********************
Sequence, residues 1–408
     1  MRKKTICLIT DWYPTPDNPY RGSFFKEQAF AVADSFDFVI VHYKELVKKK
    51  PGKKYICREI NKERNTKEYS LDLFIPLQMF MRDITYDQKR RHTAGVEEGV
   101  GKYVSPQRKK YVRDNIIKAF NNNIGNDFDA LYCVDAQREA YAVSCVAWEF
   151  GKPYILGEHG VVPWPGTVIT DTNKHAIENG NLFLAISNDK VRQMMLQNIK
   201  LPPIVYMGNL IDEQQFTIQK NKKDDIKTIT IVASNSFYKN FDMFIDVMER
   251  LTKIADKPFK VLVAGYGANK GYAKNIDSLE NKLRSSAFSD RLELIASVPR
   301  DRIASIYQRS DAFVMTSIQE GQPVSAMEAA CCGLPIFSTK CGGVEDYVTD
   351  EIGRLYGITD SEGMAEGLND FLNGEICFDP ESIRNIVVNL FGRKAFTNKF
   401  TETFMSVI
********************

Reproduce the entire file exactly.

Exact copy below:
Sequence, residues 1–408
     1  MRKKTICLIT DWYPTPDNPY RGSFFKEQAF AVADSFDFVI VHYKELVKKK
    51  PGKKYICREI NKERNTKEYS LDLFIPLQMF MRDITYDQKR RHTAGVEEGV
   101  GKYVSPQRKK YVRDNIIKAF NNNIGNDFDA LYCVDAQREA YAVSCVAWEF
   151  GKPYILGEHG VVPWPGTVIT DTNKHAIENG NLFLAISNDK VRQMMLQNIK
   201  LPPIVYMGNL IDEQQFTIQK NKKDDIKTIT IVASNSFYKN FDMFIDVMER
   251  LTKIADKPFK VLVAGYGANK GYAKNIDSLE NKLRSSAFSD RLELIASVPR
   301  DRIASIYQRS DAFVMTSIQE GQPVSAMEAA CCGLPIFSTK CGGVEDYVTD
   351  EIGRLYGITD SEGMAEGLND FLNGEICFDP ESIRNIVVNL FGRKAFTNKF
   401  TETFMSVI